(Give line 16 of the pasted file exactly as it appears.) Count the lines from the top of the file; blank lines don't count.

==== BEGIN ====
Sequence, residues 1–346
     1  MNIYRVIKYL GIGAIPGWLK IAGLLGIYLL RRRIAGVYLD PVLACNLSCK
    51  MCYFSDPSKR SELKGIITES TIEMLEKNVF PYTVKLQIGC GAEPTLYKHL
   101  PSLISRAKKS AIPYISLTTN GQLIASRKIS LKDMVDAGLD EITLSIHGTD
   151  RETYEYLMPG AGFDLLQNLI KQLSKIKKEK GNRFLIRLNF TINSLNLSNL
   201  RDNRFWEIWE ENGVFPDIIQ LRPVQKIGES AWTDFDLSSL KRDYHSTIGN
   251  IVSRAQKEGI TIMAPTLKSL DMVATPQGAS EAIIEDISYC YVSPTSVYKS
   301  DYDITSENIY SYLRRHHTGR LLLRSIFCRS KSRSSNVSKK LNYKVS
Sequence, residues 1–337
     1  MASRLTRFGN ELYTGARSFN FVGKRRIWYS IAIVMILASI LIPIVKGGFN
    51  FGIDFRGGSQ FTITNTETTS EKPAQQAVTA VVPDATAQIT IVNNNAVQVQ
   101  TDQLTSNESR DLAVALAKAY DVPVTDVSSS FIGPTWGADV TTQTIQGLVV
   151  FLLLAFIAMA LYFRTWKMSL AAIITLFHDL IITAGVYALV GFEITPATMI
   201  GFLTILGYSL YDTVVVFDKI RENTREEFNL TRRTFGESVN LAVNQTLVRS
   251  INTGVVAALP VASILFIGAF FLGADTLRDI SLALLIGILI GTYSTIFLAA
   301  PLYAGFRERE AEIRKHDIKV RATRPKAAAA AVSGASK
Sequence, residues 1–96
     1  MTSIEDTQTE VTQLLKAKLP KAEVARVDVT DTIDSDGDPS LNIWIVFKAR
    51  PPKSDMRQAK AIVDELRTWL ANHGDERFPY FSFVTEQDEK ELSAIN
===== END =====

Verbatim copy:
   301  PLYAGFRERE AEIRKHDIKV RATRPKAAAA AVSGASK